Markets & Stocks
What's Buffett up to?
Warren Buffett has moved from agitating for corporate reform to trying to change economic policy.
November 12, 2003: 11:59 AM EST
By Justin Lahart, CNN/Money Senior Writer

NEW YORK (CNN/Money) - Warren Buffett's Berkshire Hathaway sells everything from Blizzards to long underwear. But Buffett has also been trying his hand at peddling something else entirely: influence.

And where once the Nebraska nabob was focused on provoking change in corporate behavior, more recently he has been working at influencing broader policy -- advising governor-elect Arnold Schwarzenegger on sorting out California's fiscal mess and most recently prescribing a way to dig the U.S. economy out from under a mounting trade deficit.

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Buffett has become a powerful force for change in company boardrooms, an early voice decrying the aggressive expected returns at many corporate pension funds and, more important, companies' refusal to treat employee stock options as an operating expense. Thanks in no small part to agitation from Buffett (and despite continuing pushback from companies and lawmakers who would prefer the status quo), the Financial Accounting Standards Board is looking to tighten up its rules on both counts.

"Whenever anybody writes anything about options, they quote him," pointed out Harvard Business School accounting professor David Hawkins. "He set the agenda."

Buffett didn't always enjoy such stature. As he grumbled about stock-market excesses in the late 1990s through the beginning of 2000, a lot of people thought he had lost his touch. But when things fell apart, many investors wished they had paid attention to his cautions. And as the level of deceit that existed at companies like Enron and WorldCom was revealed, Buffett's appeals to clean up the way accounting is done in the United States found a ready sounding board.

"His reputation is as a thoughtful and responsible person who's interested in shareholder value and doing the right thing to get there," said Hawkins.

This sets him apart from other big investors, like billionaire financier George Soros and Pimco chief investment officer Bill Gross, who are often accused of talking their own books whenever they see fit to stand on the soapbox.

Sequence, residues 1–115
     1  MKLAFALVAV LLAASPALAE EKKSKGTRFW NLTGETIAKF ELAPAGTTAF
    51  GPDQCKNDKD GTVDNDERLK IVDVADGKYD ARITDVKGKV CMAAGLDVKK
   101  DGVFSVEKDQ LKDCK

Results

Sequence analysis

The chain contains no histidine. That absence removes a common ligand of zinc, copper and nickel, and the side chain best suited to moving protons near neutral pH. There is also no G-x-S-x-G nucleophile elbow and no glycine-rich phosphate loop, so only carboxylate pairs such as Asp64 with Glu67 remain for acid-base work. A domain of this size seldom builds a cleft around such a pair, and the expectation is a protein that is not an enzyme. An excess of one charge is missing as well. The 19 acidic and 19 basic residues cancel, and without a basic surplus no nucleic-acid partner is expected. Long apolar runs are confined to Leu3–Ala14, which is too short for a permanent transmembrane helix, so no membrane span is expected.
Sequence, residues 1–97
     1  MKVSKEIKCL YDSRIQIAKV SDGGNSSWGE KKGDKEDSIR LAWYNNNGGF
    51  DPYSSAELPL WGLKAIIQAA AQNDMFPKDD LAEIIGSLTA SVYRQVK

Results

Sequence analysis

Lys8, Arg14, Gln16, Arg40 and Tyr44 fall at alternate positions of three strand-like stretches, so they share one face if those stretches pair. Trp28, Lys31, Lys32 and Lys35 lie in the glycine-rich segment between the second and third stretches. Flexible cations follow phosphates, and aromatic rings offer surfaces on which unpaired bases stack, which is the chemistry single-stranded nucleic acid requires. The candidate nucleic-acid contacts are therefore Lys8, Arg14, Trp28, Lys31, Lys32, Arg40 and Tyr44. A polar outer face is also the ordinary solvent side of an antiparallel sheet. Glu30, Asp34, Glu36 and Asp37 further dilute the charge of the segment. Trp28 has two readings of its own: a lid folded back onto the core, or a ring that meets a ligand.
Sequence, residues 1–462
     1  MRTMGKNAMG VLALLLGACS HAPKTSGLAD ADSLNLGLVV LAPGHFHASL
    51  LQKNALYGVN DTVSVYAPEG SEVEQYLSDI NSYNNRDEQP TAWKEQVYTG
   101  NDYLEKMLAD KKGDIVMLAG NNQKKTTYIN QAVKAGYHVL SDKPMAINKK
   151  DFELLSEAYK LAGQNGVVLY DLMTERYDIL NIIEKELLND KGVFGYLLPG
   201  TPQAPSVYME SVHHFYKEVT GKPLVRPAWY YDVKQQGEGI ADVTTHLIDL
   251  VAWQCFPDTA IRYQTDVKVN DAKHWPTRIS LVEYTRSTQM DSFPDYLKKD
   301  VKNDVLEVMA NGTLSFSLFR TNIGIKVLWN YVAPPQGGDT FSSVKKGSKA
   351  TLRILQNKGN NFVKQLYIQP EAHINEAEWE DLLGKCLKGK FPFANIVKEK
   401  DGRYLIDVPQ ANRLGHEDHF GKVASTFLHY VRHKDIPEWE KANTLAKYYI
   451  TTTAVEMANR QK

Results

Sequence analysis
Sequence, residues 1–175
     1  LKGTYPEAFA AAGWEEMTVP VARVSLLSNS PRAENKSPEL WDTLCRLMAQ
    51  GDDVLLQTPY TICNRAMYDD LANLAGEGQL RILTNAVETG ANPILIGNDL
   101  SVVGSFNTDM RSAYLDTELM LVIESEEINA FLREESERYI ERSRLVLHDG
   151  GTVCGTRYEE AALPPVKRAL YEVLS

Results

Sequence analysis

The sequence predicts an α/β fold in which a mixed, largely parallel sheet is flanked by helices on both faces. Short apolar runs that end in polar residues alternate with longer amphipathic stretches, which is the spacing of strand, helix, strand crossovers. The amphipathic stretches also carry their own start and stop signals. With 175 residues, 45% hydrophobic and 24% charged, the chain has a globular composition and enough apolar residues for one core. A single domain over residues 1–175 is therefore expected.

But the good will Buffett has generated among investors may not count for much as he forays into the world of public policy. Already statements he made to The Wall Street Journal (statements he has since said weren't taken in their full context) suggesting that one of the two homes he owns in California was undertaxed drew the ire not just of Schwarzenegger's Democratic opponents, but of voices typically allied with the right.

"Mr. Buffett is a wonderful stock picker, but his politics lean toward tax and spend," inveighed the Journal's editorial board.

Indeed, despite his support for Schwarzenegger, Buffett is viewed as a Democrat in Washington, and many Republicans there are still angry over his opposition to this year's dividend tax cut, which he termed "dividend voodoo."

Buffett detailed his latest worry, the huge trade deficit the United States is running with the rest of the world, in an article he wrote for Fortune. In it he argued that the U.S. trade deficit is an accident waiting to happen -- that in order to continue consuming more than we make America has put itself dangerously in hock to the rest of the world.

Buffett's so worried about the situation that he's offered up a radical fix -- the issuing of chits, which companies that want to export to the United States must buy from companies that export U.S. goods abroad. The chits would only let overseas companies ship as much here as we ship abroad. It's sort of a crazy solution, and Buffett admits that there may be other answers.

The point seems to be that Buffett thinks the United States needs to take radical steps, and undergo some pain in the short run, to ensure the longer-term health of the economy. "Perhaps there are other solutions that make more sense than mine," wrote Buffett. "However, wishful thinking -- and its usual companion, thumb sucking -- is not among them."

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Yet Buffett's radical policy prescription -- and even the idea that a radical policy prescription is needed to fix such structural imbalances in the U.S. economy -- isn't likely to get any play at all in Washington, according to Schwab Washington Research Group director Greg Valliere.

"He can afford to tilt at windmills, because he's Warren Buffett," said Valliere. "But I doubt he can really influence the Republican leadership."  Top of page

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